It’s a sign of the times: New York City’s Javits Center, home to some of todays hottest design conferences, shows and events, including the Interior Design Hall of Fame awards is being converted into New York’s first alternate care hospital in response to the growing COVID-19 pandemic. The Army Corps of Engineers transformed the main showroom floor of the convention hall, designed in 1985 by I.M. Pei and James Freed into a 1,000-bed treatment center now dubbed The Javits Federal Medical Station.

I.M. Pei - designed Javits center in New York
I.M. Pei, heavily influenced by the International Style favored steel and glass facades. For the Jacob K. Javits Center, he leaned heavily on steel and glass in angular form. Photo by Getty Images.

I.M. Pei, born in Hong Kong in 1917, studied at the University of Pennsylvania’s School of Architecture and later received his Masters from the Harvard Graduate School of Design. Pei was heavily influenced by Le Courbusier, Frank Lloyd Wright and the International Style and later became friends with Bauhaus icons Walter Gropius and Marcel Breuer.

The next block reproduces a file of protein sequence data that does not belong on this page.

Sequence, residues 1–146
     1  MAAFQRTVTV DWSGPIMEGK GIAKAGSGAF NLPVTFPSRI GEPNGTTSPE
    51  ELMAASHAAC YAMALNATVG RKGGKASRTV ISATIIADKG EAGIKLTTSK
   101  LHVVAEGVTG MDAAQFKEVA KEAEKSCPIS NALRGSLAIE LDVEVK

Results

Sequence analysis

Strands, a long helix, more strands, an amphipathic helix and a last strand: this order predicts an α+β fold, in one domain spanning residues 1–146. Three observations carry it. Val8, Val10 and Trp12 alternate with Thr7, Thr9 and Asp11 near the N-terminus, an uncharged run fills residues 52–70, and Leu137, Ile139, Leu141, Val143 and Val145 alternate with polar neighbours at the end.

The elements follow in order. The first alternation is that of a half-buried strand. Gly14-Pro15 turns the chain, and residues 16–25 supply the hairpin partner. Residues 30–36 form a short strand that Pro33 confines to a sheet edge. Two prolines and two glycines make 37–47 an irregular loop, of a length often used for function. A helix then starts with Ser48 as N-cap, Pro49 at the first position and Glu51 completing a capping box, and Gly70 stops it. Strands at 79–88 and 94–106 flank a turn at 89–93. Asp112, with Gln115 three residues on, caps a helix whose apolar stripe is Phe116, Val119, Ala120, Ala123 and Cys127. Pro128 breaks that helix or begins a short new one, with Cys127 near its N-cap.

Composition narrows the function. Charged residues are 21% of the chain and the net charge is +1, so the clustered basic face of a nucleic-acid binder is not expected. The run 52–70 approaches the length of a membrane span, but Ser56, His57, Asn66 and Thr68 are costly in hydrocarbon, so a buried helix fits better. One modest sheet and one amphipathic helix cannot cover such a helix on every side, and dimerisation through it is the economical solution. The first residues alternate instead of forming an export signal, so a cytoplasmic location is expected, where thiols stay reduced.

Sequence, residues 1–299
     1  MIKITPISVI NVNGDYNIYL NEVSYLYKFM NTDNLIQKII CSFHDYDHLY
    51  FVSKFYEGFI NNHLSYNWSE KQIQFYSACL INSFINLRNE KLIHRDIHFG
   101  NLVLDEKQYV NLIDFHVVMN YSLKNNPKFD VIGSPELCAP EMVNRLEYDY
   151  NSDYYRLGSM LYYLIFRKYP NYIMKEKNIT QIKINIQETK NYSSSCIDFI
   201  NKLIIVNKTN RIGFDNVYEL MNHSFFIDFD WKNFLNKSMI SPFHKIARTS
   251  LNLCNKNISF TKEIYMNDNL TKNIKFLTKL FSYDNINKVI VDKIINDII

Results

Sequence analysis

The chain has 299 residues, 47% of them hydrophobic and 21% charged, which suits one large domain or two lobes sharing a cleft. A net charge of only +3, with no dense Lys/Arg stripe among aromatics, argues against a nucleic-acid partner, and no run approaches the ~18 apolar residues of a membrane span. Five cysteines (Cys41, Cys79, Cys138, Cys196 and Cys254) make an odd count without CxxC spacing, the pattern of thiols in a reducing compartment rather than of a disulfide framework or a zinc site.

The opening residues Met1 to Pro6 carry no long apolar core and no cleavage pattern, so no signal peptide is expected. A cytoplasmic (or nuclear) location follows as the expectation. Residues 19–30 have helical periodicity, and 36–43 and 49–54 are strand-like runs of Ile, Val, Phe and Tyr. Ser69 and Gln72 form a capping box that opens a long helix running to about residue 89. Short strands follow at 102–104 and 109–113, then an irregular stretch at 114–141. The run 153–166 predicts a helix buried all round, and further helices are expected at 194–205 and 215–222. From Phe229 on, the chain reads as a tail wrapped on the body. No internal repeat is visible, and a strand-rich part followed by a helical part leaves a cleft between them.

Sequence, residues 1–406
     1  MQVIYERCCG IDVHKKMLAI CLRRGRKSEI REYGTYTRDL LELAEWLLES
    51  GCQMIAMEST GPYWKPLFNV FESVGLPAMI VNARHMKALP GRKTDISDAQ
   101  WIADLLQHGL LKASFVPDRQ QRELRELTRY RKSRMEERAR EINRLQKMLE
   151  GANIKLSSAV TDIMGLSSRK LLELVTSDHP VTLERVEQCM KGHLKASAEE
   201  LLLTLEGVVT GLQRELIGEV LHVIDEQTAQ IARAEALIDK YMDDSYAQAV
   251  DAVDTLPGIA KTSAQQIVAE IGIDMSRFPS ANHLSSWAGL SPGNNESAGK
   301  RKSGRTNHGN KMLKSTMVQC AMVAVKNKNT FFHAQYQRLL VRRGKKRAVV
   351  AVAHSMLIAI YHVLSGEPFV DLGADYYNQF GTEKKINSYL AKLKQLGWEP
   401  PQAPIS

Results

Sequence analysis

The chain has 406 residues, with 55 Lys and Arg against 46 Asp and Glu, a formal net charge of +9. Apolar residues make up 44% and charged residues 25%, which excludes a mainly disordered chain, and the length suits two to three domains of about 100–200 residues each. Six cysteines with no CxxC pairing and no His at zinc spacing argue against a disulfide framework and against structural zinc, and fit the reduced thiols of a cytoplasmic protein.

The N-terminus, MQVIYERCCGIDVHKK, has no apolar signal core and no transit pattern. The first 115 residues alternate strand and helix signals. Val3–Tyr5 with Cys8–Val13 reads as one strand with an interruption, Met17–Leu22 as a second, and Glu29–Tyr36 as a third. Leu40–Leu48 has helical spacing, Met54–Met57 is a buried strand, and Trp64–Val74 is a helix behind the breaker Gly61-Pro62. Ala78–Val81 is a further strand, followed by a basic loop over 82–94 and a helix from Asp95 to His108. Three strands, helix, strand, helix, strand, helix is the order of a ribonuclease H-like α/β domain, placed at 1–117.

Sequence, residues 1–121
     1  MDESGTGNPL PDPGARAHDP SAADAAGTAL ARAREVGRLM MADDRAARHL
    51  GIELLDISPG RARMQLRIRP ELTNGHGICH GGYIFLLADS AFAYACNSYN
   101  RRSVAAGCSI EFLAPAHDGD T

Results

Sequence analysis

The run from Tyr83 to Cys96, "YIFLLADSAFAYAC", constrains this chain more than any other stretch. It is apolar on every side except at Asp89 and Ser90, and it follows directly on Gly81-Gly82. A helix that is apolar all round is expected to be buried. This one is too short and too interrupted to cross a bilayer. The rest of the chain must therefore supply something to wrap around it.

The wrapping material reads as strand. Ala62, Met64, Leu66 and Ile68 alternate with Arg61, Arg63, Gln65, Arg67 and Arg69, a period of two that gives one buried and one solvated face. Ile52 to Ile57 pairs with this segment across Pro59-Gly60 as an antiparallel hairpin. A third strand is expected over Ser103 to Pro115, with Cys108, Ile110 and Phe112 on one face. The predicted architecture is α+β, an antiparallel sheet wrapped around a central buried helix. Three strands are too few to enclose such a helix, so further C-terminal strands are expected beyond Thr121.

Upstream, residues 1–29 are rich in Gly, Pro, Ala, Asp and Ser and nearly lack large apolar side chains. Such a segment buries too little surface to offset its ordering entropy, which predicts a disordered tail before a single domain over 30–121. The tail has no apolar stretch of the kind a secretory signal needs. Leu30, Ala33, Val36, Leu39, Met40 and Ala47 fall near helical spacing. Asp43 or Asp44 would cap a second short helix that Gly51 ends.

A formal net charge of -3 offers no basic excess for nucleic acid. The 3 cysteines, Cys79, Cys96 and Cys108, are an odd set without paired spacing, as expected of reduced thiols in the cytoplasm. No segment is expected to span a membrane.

Among I.M. Pei’s most famous modernist works are the Mesa Labratory in Boulder, Colorado built in 1961 and the John F. Kennedy Presidential Library and Museum designed in 1964 and completed in 1979.

The interior of the Javits Center in New York City
Photography © Chris Cooper, courtesy of FXCollaborative. Via interiordesign.net.

The Javits center was converted to be an overflow location for area hospitals over-burdened by the more than 14,000 patients currently hospitalized due to COVID-19. But late last week, alterations were made in order for the Javits to begin receiving COVID-19 positive patients.

Read the full story here and here.

For more on iconic New York modernist landmarks, check out this post on the history of the Guggenheim Museum.

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